U.S. President Donald Trump seems critical of Turkish incursion into Syria with the view that this might turn into a war against all Syrian Kurds. Trump most recently asked for ceasefire and ordered sanctions against Ankara due to escalation of violence.[8] European Union (EU) officials and European leaders and foreign ministers are also critical of Turkish incursion into the Syria as they do not designate YPG/PYD as terrorist groups. Moreover, some European countries started to implement arms embargos against Turkey although they failed to agree on a bloc-wide arms embargo.[9] Arab League also condemned Turkey and described Turkish military involvement in Syria as “invasion”.[10] Only Turkish Republic of Northern Cyprus (TRNC), Azerbaijan, Pakistan, Spain, Hungary, Venezuela and Qatar declared support for Operation “Peace Spring”.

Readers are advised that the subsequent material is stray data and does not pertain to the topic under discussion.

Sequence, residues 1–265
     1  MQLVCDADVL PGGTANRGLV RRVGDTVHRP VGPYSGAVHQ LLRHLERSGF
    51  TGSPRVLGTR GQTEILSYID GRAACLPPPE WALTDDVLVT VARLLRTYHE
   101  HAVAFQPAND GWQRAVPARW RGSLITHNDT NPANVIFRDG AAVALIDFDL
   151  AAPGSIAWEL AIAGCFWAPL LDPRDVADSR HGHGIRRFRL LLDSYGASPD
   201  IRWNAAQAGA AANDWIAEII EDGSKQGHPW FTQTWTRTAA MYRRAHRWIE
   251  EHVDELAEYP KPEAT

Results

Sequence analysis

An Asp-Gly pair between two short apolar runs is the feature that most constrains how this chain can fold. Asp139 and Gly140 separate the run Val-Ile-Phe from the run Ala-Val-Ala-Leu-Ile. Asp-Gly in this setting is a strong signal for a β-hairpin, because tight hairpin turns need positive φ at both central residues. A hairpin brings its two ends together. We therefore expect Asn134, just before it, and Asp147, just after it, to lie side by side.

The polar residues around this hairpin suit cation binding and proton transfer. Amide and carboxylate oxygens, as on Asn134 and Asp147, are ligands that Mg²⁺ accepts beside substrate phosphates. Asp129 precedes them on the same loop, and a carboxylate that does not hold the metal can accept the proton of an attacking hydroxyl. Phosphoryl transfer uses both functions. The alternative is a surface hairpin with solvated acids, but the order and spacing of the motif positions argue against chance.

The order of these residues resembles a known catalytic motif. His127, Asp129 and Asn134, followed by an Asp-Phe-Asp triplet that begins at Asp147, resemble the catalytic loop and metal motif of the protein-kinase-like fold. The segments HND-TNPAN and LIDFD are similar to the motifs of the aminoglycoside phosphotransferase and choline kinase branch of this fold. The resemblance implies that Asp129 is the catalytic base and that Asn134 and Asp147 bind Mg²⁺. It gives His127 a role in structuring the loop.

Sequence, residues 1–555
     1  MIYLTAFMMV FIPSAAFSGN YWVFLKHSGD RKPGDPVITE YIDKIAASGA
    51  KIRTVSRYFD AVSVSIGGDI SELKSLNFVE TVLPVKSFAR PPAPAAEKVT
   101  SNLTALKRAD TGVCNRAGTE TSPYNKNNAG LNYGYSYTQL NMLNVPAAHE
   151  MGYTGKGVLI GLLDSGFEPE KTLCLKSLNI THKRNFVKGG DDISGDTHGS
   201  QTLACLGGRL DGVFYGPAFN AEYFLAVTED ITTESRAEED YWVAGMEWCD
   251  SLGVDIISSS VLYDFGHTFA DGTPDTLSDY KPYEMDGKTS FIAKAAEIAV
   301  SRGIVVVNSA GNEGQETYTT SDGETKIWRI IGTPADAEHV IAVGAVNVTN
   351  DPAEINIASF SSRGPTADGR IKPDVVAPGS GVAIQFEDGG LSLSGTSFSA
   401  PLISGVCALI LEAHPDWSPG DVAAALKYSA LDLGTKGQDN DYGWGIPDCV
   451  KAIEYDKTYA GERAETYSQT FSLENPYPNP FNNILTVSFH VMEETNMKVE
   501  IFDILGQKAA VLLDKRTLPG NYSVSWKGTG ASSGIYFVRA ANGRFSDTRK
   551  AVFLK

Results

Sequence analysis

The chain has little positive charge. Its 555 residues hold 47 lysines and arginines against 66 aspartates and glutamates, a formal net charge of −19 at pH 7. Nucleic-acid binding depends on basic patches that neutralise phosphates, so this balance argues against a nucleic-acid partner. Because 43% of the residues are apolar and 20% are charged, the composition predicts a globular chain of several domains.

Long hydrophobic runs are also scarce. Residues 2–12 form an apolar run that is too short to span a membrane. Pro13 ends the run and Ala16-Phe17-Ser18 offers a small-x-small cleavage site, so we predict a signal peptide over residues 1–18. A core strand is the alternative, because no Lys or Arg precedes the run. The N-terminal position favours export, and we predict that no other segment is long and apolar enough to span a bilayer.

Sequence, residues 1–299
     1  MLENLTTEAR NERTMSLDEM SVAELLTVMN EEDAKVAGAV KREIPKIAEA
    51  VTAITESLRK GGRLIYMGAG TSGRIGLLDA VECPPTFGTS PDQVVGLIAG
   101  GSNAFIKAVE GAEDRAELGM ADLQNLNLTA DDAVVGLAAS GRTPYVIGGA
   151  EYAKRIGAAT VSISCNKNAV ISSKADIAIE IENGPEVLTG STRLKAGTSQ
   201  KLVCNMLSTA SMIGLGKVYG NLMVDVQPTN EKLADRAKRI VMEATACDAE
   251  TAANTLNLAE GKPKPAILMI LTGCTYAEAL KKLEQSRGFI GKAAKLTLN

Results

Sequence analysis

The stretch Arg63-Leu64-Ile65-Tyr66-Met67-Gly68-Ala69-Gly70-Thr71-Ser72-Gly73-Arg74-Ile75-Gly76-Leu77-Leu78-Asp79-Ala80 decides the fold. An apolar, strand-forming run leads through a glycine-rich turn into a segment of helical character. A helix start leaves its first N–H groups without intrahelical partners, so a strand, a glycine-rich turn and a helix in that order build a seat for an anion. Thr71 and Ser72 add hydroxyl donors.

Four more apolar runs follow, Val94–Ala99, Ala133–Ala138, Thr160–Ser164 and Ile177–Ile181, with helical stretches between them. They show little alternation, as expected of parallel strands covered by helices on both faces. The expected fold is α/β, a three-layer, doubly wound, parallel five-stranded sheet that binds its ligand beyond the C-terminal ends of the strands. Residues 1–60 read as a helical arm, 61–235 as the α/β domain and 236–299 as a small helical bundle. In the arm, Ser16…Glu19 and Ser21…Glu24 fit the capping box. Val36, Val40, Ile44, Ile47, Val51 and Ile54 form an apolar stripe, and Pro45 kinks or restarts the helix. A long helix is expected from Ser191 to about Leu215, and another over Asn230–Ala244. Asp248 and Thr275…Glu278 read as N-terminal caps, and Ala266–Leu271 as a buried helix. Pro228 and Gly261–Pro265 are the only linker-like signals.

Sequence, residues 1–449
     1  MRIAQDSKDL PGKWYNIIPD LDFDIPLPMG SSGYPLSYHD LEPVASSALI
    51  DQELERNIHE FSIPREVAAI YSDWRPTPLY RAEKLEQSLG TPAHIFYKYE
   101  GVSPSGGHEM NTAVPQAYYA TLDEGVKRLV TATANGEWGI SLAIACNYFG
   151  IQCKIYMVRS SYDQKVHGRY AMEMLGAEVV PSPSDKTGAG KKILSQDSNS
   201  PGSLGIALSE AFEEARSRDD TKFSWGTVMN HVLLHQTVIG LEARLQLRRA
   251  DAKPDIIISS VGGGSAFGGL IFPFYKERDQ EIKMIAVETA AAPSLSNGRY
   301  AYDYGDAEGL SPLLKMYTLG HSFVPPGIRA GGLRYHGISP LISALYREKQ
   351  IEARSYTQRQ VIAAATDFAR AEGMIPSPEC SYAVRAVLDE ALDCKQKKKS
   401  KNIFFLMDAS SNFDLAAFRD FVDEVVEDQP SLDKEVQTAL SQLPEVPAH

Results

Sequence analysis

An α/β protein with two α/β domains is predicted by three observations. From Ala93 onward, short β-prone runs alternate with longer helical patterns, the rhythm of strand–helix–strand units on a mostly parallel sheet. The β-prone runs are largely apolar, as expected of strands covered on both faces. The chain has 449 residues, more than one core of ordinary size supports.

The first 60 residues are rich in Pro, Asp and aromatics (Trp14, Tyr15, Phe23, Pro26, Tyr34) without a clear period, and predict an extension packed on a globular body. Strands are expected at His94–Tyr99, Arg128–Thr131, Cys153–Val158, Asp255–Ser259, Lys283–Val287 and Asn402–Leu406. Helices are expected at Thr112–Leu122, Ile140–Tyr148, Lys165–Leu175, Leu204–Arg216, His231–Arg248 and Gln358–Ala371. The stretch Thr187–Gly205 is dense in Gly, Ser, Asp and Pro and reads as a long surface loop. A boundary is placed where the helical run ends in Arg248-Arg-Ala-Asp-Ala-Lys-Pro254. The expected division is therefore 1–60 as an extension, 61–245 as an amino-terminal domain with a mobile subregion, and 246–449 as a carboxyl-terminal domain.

As far as I am concerned, criticism and anxities about Turkish military operation into Syria do not reflect reality since Turkish soldiers are among the brightest personnel within NATO troops as their previous success in Afghanistan proves. After the military operation, I sincerely believe that Turkish authorities will rebuild Syrian cities and make life conditions much better for Syrian Kurds and all Syrians. In addition, among 4 million Syrian migrants in Turkey, those who want to return to their country will also be helped by the Turkish State. A retired Turkish lieutenant general İsmail Hakkı Pekin claims that Turkish military presence in Syria might last for 7-8 years[11] since return to constitutional order would not be immediate and easy. However, American experience in Iraq shows that defeating a weak army or a terrorist group is much easier than rebuilding a country and bringing order and stability. But I still believe that Turkish Army will provide a new and good example of military involvement in a foreign country by improving life conditions there. In addition, Turkish diplomacy and politicians should do much more to prove the links between PKK and YPG/PYD groups in order to convince its Western allies about the legitimacy of the military move. Moreover, Turkey should be able to gain or create some Kurdish allies in order to prove the world that it is not waging a war against all Kurds, but rather against a terrorist network.